High-fashion label Christian Dior has fired British designer John Galliano, who has been accused of making anti-Semitic and racist comments. The firing comes after actress Natalie Portman, who is the face of a Dior fragrance line, condemned Galliano's comments — some of which were captured on video.
The designer has maintained that he is innocent, and had threatened to sue two of his accusers for defamation after their claims led to his being suspended from Dior last week.
But then video of a separate, but similar, event surfaced Monday.
A statement released by Portman Monday night read, "In light of this video, and as an individual who is proud to be Jewish, I will not be associated with Mr. Galliano in any way. I hope at the very least, these terrible comments remind us to reflect and act upon combating these still-existing prejudices that are the opposite of all that is beautiful."
In the statement released the night after she won an Academy Award, Portman said, "I am deeply shocked and disgusted by the video of John Galliano's comments that surfaced today."
Portman was asked about the controversy Sunday night at a post-Oscars news conference. But someone from her management team interrupted before she could respond.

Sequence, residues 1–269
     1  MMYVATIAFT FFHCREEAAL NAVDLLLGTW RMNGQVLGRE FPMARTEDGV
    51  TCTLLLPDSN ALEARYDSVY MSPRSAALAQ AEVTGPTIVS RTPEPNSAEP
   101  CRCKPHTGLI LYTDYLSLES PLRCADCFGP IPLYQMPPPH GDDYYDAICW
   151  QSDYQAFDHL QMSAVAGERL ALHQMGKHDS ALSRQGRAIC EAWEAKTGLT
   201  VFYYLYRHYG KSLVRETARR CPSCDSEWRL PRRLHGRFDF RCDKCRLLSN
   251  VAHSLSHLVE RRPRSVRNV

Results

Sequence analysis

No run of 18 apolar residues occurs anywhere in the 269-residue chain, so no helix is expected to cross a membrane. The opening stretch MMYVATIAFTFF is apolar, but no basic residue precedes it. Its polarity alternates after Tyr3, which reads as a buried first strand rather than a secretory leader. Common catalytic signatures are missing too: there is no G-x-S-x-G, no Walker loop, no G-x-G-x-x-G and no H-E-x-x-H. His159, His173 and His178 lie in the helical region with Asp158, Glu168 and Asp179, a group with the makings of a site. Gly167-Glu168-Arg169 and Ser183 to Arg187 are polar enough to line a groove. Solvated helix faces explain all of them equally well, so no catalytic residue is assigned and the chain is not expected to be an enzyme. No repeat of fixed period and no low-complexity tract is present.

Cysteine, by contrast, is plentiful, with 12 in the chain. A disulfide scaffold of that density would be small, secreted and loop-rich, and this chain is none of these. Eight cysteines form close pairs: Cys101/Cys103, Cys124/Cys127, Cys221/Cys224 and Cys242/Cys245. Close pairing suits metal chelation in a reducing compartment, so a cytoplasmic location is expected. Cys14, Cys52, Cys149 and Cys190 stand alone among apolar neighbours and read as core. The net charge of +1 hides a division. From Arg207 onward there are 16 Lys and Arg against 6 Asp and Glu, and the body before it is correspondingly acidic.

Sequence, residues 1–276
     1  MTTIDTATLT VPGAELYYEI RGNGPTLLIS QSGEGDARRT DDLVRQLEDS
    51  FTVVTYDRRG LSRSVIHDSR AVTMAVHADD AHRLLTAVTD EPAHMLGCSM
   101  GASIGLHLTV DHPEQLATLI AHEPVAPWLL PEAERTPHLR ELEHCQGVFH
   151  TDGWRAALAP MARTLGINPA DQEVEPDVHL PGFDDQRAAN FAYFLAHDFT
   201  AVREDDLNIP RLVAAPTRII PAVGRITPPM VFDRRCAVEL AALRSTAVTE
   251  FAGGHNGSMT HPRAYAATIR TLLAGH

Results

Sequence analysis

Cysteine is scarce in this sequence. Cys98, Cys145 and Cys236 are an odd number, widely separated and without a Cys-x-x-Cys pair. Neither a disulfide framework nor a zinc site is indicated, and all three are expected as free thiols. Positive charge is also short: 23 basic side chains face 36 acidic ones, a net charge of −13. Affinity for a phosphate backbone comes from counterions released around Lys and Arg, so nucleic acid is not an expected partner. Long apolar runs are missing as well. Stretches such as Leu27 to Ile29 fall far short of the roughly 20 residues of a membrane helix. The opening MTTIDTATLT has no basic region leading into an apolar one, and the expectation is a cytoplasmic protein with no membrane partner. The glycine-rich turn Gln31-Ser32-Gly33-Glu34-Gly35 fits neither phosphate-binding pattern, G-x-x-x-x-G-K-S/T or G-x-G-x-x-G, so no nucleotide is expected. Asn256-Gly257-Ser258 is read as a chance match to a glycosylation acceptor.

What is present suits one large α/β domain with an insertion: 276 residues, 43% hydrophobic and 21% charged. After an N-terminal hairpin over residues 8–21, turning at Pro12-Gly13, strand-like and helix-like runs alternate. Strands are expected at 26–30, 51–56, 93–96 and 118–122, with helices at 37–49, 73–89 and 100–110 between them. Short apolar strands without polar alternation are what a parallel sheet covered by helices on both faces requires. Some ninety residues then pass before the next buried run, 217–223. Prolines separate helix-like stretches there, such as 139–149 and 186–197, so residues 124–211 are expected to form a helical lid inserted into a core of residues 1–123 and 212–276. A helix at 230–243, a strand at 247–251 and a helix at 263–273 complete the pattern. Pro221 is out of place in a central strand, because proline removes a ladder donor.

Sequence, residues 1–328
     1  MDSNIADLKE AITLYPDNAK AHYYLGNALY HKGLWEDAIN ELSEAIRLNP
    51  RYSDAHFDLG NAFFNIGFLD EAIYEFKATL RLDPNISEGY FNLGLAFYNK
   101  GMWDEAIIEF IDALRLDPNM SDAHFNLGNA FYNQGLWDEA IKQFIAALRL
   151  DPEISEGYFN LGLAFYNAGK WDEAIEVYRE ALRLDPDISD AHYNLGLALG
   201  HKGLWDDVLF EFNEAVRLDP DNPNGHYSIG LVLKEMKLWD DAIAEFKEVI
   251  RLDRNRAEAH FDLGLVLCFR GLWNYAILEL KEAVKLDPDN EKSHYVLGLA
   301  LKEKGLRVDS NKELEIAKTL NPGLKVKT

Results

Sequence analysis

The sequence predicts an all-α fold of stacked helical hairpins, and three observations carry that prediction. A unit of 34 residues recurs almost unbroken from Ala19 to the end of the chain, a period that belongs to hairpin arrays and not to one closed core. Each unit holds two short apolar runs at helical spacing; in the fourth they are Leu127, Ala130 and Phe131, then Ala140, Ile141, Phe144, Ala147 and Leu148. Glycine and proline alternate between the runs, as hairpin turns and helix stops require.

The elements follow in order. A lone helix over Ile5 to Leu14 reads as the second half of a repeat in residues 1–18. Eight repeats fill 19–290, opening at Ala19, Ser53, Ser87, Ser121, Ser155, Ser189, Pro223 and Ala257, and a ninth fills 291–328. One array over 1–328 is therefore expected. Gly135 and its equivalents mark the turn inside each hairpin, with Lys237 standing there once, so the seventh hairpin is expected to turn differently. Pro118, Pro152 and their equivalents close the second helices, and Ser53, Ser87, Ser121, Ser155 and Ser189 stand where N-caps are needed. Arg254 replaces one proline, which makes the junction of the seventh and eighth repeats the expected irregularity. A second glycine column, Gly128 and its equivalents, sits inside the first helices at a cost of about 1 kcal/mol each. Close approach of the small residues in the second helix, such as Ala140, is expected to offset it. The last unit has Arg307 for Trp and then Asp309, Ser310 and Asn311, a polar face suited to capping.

The charges against Galliano stem from comments he made on two separate occasions in the same Paris bar.
From Paris, Eleanor Beardsley filed this Newscast report:
Known for his dramatic shows and flamboyant style, Galliano was suspended by Dior on Friday after a couple complained that he shouted racist and anti-Semitic insults at them at a Paris bar.
He was questioned Monday by French police for more than five hours.
The incident happened just days before Galliano was due to present Dior's new women's ready-to-wear collection at Paris Fashion Week, which starts today.
Now another woman has filed a new complaint against Galliano, for the same abusive insults in the same Paris bar last October.
Video of Galliano speaking in a cafe in the Marais section of Paris has been posted on the site of Britain's The Sun newspaper.
In it, Galliano slurs his words as he uses foul language and tells a woman, "I love Hitler. People like you would be dead today," he tells women at a neighboring table. "Your mothers, your forefathers, would be... gassed and... dead."
That quote omits a couple of profane gerunds. Soon afterwards, the women then ask Galliano where he's from. The episode was apparently filmed in October.
In France, it is illegal to make anti-Semitic comments — if found guilty, the punishment is up to six months in prison.
According to The Sun, none of the French and Italian people who were allegedly harangued by Galliano are Jewish. Copyright 2011 National Public Radio. To see more, visit http://www.npr.org/.
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